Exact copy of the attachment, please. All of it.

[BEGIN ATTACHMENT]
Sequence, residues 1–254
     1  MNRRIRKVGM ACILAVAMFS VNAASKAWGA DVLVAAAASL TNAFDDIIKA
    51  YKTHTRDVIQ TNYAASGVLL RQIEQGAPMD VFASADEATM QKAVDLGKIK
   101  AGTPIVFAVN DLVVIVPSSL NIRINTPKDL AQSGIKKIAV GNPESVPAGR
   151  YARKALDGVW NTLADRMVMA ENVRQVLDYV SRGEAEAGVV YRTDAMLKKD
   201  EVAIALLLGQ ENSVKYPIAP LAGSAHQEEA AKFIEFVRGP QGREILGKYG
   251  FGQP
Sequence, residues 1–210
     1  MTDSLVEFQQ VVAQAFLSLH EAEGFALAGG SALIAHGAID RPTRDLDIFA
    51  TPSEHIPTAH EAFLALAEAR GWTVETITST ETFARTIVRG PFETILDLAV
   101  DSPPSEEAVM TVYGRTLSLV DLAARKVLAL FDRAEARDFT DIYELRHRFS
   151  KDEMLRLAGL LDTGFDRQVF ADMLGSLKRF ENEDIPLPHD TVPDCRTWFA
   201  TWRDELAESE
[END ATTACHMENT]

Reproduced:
Sequence, residues 1–254
     1  MNRRIRKVGM ACILAVAMFS VNAASKAWGA DVLVAAAASL TNAFDDIIKA
    51  YKTHTRDVIQ TNYAASGVLL RQIEQGAPMD VFASADEATM QKAVDLGKIK
   101  AGTPIVFAVN DLVVIVPSSL NIRINTPKDL AQSGIKKIAV GNPESVPAGR
   151  YARKALDGVW NTLADRMVMA ENVRQVLDYV SRGEAEAGVV YRTDAMLKKD
   201  EVAIALLLGQ ENSVKYPIAP LAGSAHQEEA AKFIEFVRGP QGREILGKYG
   251  FGQP
Sequence, residues 1–210
     1  MTDSLVEFQQ VVAQAFLSLH EAEGFALAGG SALIAHGAID RPTRDLDIFA
    51  TPSEHIPTAH EAFLALAEAR GWTVETITST ETFARTIVRG PFETILDLAV
   101  DSPPSEEAVM TVYGRTLSLV DLAARKVLAL FDRAEARDFT DIYELRHRFS
   151  KDEMLRLAGL LDTGFDRQVF ADMLGSLKRF ENEDIPLPHD TVPDCRTWFA
   201  TWRDELAESE